I received a copy of this book through NetGalley and Avon Publishing in exchange for a fair and honest review. All opinions expressed are solely my own.
The Friendship Pact is a story about family, friendship, and forgiveness. The characters in this story are deeply flawed and fighting to rise above their limitations, both physical and mental.
I enjoyed many of the tertiary characters in the story, but the story focuses mainly on Tae Holmes and Riggs Copeland, as well as Tae’s relationship with her mother, April, and Riggs’ relationship with his brother, Jake.
Mistakes were made when April discovered she was pregnant after a one-night stand at a party. Lies were told. But can those lies stay buried?
Tae and Riggs essentially grew up together, both coming from hardships and struggles. Riggs’ father was an abusive alcoholic. He and his brother Jake caught the brunt force of his fists too many times. Joining the military was their way out.
Tae’s entire world revolves around her mother. They are all each other has. They’ve always struggled to make ends meet. April sought security and a better way of life for her and her daughter through a continuous flow of men through her door. As a result, Tae has become independent and tough, her heart closed to the idea of any deep relationship with a man. After all, she had no father and none of the men April chose came close to her idea of a father.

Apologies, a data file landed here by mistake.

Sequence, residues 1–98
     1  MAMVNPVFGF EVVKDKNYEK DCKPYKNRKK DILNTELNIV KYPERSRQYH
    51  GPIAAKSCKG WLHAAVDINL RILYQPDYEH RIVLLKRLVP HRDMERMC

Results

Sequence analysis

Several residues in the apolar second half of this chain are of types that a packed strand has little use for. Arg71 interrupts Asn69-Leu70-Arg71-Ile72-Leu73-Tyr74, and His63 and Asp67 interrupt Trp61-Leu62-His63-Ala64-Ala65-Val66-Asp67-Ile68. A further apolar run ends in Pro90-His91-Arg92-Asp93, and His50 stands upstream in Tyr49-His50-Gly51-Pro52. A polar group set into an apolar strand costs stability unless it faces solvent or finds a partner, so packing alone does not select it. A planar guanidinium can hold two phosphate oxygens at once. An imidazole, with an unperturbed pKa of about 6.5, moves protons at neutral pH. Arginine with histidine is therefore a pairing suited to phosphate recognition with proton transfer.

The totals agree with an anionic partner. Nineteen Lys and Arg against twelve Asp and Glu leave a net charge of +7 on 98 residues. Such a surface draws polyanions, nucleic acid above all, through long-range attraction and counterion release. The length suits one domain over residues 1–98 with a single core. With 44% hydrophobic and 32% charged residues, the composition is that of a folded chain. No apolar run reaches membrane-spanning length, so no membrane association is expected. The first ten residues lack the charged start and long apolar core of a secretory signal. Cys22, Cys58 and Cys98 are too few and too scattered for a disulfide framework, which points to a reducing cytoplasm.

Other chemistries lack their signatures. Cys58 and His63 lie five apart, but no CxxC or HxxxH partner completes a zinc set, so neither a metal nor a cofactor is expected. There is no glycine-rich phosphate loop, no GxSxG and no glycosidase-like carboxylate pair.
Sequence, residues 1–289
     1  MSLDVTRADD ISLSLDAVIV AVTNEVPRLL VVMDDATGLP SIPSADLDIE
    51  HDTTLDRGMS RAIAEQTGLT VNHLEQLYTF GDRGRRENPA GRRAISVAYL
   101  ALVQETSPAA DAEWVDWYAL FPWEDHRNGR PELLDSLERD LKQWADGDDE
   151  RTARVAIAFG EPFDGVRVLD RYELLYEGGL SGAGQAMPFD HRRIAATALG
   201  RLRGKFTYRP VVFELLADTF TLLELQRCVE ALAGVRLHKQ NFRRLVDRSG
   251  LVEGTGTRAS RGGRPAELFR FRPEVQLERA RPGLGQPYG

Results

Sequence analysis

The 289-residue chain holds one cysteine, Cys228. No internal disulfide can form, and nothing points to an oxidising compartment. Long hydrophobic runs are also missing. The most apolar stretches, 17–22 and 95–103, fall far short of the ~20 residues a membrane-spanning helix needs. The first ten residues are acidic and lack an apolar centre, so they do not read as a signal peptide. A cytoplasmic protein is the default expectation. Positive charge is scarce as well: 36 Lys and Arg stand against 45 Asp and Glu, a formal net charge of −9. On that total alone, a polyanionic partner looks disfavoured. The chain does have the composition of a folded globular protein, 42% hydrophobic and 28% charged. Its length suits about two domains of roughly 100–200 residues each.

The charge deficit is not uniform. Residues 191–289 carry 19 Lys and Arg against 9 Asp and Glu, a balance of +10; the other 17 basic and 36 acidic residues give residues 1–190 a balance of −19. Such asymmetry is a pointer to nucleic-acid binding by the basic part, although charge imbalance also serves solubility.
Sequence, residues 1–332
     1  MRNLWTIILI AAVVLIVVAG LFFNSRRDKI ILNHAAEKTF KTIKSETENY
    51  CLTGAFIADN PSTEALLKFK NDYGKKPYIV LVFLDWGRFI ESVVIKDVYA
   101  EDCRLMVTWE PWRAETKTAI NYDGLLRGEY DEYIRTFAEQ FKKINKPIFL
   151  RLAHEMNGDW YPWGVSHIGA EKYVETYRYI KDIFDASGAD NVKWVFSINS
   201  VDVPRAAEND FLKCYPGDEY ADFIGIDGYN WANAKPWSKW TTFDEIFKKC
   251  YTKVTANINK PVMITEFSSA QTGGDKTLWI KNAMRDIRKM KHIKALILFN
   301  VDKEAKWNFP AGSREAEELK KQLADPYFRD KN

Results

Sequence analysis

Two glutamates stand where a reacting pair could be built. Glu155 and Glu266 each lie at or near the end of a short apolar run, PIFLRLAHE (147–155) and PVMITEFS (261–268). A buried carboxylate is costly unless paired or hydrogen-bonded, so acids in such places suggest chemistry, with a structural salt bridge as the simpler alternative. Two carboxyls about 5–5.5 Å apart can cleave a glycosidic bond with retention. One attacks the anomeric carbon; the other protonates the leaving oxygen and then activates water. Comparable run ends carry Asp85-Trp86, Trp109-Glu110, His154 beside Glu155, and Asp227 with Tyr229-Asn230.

So, at age 28, Tae is a successful businesswoman, dedicated to her mother, and consumed by her work. She’s good at her job and good at protecting her heart. But now Riggs is back in town for the summer to help his disabled brother provide summer activities for wounded veterans and other disabled adults and children.
Sparks fly between Tae and Riggs. She’d lost her virginity to him in high school. But then he’d gone into the military and disappeared from her life. And she isn’t ready to let him back in. They have to find a way to work together for the summer, so a friendship pact is formed.
It doesn’t take long for that to grow into something bigger. But both are better at running away than staying. Add in the complication of a father Tae thought to be dead, showing up very much alive and this story takes lots of heart-stopping twists and turns.
The author did a fabulous job at weaving all the characters together. They are complex, multi-dimensional, and believable with relatable struggles. Tae was my favorite character. She fought hard for independence. She needed no one. Riggs’ brother, Jake, is a character I admired. Despite the paralyzed legs, he dared to live life, fall in love, and help others struggling with disabilities. While this is a romance, it is also much more, diving into dysfunctional family struggles and the attempt to forgive and heal. I highly recommend it and give it a solid four stars!